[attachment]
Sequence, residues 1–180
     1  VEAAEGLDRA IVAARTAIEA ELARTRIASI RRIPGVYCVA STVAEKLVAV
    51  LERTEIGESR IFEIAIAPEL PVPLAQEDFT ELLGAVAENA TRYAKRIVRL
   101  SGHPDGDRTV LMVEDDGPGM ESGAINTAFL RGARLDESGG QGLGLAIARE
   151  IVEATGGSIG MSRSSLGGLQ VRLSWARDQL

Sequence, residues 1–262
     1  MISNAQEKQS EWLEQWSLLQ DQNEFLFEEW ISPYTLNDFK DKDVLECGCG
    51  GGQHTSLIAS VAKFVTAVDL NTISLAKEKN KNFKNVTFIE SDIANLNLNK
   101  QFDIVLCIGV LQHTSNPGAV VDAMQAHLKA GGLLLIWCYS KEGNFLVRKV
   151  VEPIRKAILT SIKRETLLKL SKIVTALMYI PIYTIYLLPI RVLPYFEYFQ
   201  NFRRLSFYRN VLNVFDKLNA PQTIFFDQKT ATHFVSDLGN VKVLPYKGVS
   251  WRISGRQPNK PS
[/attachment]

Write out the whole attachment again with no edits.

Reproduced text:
Sequence, residues 1–180
     1  VEAAEGLDRA IVAARTAIEA ELARTRIASI RRIPGVYCVA STVAEKLVAV
    51  LERTEIGESR IFEIAIAPEL PVPLAQEDFT ELLGAVAENA TRYAKRIVRL
   101  SGHPDGDRTV LMVEDDGPGM ESGAINTAFL RGARLDESGG QGLGLAIARE
   151  IVEATGGSIG MSRSSLGGLQ VRLSWARDQL

Sequence, residues 1–262
     1  MISNAQEKQS EWLEQWSLLQ DQNEFLFEEW ISPYTLNDFK DKDVLECGCG
    51  GGQHTSLIAS VAKFVTAVDL NTISLAKEKN KNFKNVTFIE SDIANLNLNK
   101  QFDIVLCIGV LQHTSNPGAV VDAMQAHLKA GGLLLIWCYS KEGNFLVRKV
   151  VEPIRKAILT SIKRETLLKL SKIVTALMYI PIYTIYLLPI RVLPYFEYFQ
   201  NFRRLSFYRN VLNVFDKLNA PQTIFFDQKT ATHFVSDLGN VKVLPYKGVS
   251  WRISGRQPNK PS